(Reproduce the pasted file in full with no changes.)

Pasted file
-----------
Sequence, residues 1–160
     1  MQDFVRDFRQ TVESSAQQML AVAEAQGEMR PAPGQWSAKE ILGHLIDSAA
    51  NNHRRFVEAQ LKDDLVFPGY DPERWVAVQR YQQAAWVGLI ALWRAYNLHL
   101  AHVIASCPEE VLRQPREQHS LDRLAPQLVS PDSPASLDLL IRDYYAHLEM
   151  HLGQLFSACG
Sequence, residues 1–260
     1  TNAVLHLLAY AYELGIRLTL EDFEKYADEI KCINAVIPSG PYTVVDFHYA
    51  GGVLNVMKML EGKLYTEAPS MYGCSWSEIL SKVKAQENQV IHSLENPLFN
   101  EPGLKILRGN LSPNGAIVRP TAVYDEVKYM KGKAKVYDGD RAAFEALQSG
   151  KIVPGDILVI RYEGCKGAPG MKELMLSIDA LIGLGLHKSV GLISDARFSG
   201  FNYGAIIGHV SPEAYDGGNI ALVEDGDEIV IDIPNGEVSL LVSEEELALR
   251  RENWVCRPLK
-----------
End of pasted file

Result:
Sequence, residues 1–160
     1  MQDFVRDFRQ TVESSAQQML AVAEAQGEMR PAPGQWSAKE ILGHLIDSAA
    51  NNHRRFVEAQ LKDDLVFPGY DPERWVAVQR YQQAAWVGLI ALWRAYNLHL
   101  AHVIASCPEE VLRQPREQHS LDRLAPQLVS PDSPASLDLL IRDYYAHLEM
   151  HLGQLFSACG
Sequence, residues 1–260
     1  TNAVLHLLAY AYELGIRLTL EDFEKYADEI KCINAVIPSG PYTVVDFHYA
    51  GGVLNVMKML EGKLYTEAPS MYGCSWSEIL SKVKAQENQV IHSLENPLFN
   101  EPGLKILRGN LSPNGAIVRP TAVYDEVKYM KGKAKVYDGD RAAFEALQSG
   151  KIVPGDILVI RYEGCKGAPG MKELMLSIDA LIGLGLHKSV GLISDARFSG
   201  FNYGAIIGHV SPEAYDGGNI ALVEDGDEIV IDIPNGEVSL LVSEEELALR
   251  RENWVCRPLK